Maybe it’s because I keep my possessions to a minimum that I sometimes have difficulty parting with objects that have been a significant part of my life.
A few years ago, I had to say goodbye to a pair of riding boots. I’ve been an avid equestrienne for the better part of 30 years and I bought my first pair of REAL riding boots in 1986. I wore these boots in horse shows around the province and in clinics with Olympians. The boots helped me ride at various equestrian centres in nine different cities in four different provinces.
Finally, in June 2010, they broke beyond repair while in service at a local horse show. It was a difficult moment for me, realizing that I would have to say goodbye to these boots that had served me so well for so long.
In order to cope with the loss, I decided to have a funeral for the boots. I set up a Facebook event and invited my friends, many of whom I have ridden with over the years. At first I thought that they would think that I was crazy (and they may have a point) but most of my friends helped me make the event memorable. One of my friends quoted a poem from Harpers New Monthly Magazine, Volume 54, December 1876:
Farewell, old boots! a tender last farewell!
Inanimate, but mourned as if with souls
Instead of soles: I’ll find for you some dell
Where, though no bell for your requiem tolls.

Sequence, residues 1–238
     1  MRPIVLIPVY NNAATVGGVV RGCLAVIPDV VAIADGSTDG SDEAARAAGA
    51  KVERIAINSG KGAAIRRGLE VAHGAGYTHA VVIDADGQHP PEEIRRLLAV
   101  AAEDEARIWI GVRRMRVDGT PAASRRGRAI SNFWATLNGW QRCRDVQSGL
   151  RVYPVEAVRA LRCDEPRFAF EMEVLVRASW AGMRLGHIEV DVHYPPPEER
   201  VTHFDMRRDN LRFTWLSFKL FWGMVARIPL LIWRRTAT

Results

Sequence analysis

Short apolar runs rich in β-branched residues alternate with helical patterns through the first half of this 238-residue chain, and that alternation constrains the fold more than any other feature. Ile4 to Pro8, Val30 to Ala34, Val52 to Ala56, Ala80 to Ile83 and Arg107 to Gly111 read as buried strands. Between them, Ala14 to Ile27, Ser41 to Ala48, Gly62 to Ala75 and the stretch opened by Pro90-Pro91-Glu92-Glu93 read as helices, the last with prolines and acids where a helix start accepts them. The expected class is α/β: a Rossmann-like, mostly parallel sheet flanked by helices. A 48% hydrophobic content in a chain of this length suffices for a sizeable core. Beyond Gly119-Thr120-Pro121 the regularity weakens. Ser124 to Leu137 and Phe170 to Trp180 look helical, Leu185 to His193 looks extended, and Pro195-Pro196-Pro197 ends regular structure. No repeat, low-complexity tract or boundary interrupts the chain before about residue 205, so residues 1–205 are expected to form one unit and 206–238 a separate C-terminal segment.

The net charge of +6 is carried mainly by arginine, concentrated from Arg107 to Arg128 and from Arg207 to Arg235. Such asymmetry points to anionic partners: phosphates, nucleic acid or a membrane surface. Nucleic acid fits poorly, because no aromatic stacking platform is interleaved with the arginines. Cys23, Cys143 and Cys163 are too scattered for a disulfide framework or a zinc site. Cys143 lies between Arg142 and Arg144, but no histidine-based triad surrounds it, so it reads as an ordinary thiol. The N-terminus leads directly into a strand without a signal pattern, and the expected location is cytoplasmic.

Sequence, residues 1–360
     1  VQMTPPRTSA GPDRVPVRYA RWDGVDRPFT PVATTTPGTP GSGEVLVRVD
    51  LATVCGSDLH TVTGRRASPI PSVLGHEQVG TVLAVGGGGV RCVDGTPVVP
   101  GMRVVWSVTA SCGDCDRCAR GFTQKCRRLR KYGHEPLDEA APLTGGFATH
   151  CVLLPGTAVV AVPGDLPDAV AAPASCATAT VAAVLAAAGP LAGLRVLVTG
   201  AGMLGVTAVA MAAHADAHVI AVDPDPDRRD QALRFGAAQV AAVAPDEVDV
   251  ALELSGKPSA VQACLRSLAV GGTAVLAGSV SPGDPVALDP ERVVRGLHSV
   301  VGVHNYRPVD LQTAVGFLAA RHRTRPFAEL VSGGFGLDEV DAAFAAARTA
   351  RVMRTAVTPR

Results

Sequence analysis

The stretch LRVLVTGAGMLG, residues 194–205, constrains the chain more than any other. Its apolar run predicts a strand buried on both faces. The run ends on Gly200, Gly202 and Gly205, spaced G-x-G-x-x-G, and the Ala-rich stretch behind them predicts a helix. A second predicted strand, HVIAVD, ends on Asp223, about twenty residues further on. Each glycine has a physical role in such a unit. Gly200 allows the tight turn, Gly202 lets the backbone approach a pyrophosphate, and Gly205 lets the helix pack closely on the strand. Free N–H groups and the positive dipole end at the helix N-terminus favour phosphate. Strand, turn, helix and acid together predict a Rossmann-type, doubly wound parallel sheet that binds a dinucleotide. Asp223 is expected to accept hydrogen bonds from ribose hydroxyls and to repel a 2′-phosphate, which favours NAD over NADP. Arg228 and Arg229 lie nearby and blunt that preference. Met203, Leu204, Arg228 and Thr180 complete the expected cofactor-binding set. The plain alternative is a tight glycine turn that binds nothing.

I had a few other friends weigh in and admit that this event encouraged them to retire various objects: dance shoes, army boots, and paint brushes. One colleague wrote that it was “time to lay to rest ‘Wedding Glass’, the last surviving member of a set of glasses that outlived ‘Marriage’ by 21 years”. Of course there is always one clown in the bunch and he thanked me for the “booty call”!
All in all, it made me feel much better that I had given a public tribute to my riding boots that had served me so well in the past. I wrapped them tightly in a plastic bag and they were taken away in the “hearse” (garbage truck).
If you have items that you have difficulty parting with, try having a funeral or a tea party or even writing a letter to the item, explaining its importance in your life. Save the letters with pictures of the items either on your computer or in a scrap book. It helps to let your friends in on the deal. They can comfort you and make you laugh like no inanimate object ever could.